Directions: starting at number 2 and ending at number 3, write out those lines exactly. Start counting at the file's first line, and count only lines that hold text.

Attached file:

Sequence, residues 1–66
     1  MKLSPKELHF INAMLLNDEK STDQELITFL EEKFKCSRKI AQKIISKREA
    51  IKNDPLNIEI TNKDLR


     1  MKLSPKELHF INAMLLNDEK STDQELITFL EEKFKCSRKI AQKIISKREA
    51  IKNDPLNIEI TNKDLR